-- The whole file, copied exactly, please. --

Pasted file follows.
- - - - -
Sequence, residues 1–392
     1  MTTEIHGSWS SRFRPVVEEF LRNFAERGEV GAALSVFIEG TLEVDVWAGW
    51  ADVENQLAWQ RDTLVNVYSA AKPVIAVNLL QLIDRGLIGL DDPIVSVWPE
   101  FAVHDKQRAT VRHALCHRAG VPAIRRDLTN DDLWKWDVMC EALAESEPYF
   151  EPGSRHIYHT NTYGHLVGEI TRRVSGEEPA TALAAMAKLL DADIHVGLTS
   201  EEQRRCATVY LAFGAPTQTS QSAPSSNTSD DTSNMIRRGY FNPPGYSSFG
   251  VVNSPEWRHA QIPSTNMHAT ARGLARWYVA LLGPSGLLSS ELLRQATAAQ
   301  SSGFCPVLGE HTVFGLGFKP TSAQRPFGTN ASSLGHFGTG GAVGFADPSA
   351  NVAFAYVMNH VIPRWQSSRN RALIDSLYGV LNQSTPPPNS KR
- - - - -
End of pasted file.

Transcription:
Sequence, residues 1–392
     1  MTTEIHGSWS SRFRPVVEEF LRNFAERGEV GAALSVFIEG TLEVDVWAGW
    51  ADVENQLAWQ RDTLVNVYSA AKPVIAVNLL QLIDRGLIGL DDPIVSVWPE
   101  FAVHDKQRAT VRHALCHRAG VPAIRRDLTN DDLWKWDVMC EALAESEPYF
   151  EPGSRHIYHT NTYGHLVGEI TRRVSGEEPA TALAAMAKLL DADIHVGLTS
   201  EEQRRCATVY LAFGAPTQTS QSAPSSNTSD DTSNMIRRGY FNPPGYSSFG
   251  VVNSPEWRHA QIPSTNMHAT ARGLARWYVA LLGPSGLLSS ELLRQATAAQ
   301  SSGFCPVLGE HTVFGLGFKP TSAQRPFGTN ASSLGHFGTG GAVGFADPSA
   351  NVAFAYVMNH VIPRWQSSRN RALIDSLYGV LNQSTPPPNS KR